An example of poor resource alignment from Alec Torres' article in the National Review. This skip-counting problem does not align to Common Core standards.
Let's look at a concrete example. This question was featured in a fairly famous article in the National Review from March 2014, entitled "The Ten Dumbest Common Core Problems: Sample questions guaranteed to make your brain hurt in all the wrong places." The question in question, if you will, was from the New York State Common Core math curriculum: Use number bonding to help you skip count by seven, making ten and using the leftover ones to get the final answer.
If you're like most people, you probably had to squint and reread a few times to figure out what the question is even talking about.
Imagine how difficult this would be for a child. What is particularly interesting (read: distressing) is the fact that number bonds don't even appear in Common Core standards. Skip counting, in the context of the standard, is to count within 1,000 by 5s, 10s and 100s. This question, needless to say, is not from the Common Core. It's just a question that someone behind the New York State math curriculum thought was appropriate and adopted.
Unfortunately, when a resource doesn't accurately reflect standards, as in this case, and a state, superintendent or principal chooses to adopt it anyway, it negatively impacts both teachers and students. It's also confusing for parents, who come home from work and see the problem, only to scratch their heads and say: " This doesn't make sense to me as a grown adult with my background, so how is it going to make sense to my first grader?"
We have seen this scenario play out over and over and over again. It is the result of poor communication, a chain from the people developing these standards to teachers, students and parents. It results not only in poor implementation – the above example being an example – but in public outcry as well.
Moving forward, we have to wonder if problems like this will play out for the Next Generation Science Standards as well. The short answer? Maybe, but hopefully not.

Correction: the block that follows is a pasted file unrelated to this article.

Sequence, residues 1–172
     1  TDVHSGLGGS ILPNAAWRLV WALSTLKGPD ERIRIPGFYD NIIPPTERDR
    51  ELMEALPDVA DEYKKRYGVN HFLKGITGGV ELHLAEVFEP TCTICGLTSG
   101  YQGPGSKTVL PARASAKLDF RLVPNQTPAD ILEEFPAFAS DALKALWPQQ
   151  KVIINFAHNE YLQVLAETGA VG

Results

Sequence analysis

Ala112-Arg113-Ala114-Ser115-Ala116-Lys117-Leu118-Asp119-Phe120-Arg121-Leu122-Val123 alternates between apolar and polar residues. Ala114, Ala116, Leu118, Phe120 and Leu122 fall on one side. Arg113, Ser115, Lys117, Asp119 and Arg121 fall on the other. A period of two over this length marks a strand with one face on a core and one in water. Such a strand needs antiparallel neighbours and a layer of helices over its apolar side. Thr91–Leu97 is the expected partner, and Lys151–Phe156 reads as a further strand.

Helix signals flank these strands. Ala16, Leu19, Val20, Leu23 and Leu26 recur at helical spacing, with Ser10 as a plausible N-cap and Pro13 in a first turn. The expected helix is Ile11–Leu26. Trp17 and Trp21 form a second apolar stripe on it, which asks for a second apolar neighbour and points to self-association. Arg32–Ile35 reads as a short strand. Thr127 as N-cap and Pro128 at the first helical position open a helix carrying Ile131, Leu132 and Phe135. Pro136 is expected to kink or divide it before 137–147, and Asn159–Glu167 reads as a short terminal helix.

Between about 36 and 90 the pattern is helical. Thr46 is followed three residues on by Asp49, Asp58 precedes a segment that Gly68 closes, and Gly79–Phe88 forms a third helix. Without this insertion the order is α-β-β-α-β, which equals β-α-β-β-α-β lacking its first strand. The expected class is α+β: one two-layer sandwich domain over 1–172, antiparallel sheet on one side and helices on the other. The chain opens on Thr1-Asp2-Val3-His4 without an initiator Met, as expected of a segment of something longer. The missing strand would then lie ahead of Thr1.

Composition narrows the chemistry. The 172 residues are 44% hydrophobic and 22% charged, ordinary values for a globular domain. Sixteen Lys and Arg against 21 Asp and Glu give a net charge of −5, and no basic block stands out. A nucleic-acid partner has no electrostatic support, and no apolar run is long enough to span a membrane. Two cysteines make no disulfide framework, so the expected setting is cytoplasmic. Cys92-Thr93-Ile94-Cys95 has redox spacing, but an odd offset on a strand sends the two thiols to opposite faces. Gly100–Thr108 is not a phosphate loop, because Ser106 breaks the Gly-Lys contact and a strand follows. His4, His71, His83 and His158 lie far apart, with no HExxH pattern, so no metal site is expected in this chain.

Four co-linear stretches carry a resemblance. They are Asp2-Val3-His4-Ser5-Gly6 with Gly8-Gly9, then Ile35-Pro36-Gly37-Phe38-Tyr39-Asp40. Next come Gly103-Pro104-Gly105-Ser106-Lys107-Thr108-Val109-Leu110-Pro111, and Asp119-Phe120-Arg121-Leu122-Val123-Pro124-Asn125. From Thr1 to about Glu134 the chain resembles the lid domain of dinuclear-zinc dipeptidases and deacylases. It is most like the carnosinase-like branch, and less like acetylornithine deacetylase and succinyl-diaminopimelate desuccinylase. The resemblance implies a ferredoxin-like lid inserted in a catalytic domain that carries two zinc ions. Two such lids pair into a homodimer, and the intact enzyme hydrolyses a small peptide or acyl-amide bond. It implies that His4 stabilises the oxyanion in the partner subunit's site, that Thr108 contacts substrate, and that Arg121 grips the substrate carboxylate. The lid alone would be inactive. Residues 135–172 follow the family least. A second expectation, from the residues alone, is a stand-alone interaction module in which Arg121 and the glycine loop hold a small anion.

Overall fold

The quality of an NGSS resource depends on:
- What a resource provider chooses to do with this information
- Whether they even seek out the standards in the first place
- How they implement it
- What form the resources take
A lot of what we've seen so far are textbooks and kits, which are basically the same as they were under the old standards, with some mild changes here and there, maybe a hands-on or make-by-number activity. Much of it isn't very innovative.
So now the question becomes, do superintendents and principals buy this curriculum? Do they buy these resources and put them in their classrooms? Because if they do, that affects their teachers.
How well these superintendents and principals understand the Next Generation Science Standards, via state messaging and the standards themselves, also affects teachers. These are the ideas that will be reflected in the classroom, and will contribute directly to student impact.
The big question really comes down to what happens between the state, the superintendent, and the principal.
How attuned are states, superintendents, and principals to the purpose and spirit of Next Generation Science Standards? How well are they versed in what the three dimensions are? What will this environment look like? It is partially determined by how standards get translated into curriculum, because although they are often confused, the two are not the same.
The messaging as it trickles down from the state to the principal, before it reaches the level of classroom implementation, is where the success or failure of these new standards will be determined. If a state doesn't budget for it, or a superintendent doesn't budget for it, that's going to make success difficult. The resources and the effectiveness in the classroom are going to be impacted, and students and parents by extension.
Given that, it's important to think about where these standards came from. Do the superintendents, states and principals invest time to understand what the standards mean and what they look like in the classroom? Do they spend time thinking about what appropriate resources look like? Do they make an effort to suss out resources that claim to be appropriate, yet really aren't?
If so, there's a much better chance these standards will be implemented, and implemented well, and that testing will correctly identify students who actually understand the standards and are prepared for later life and careers.
*This post was updated on 11/20/17.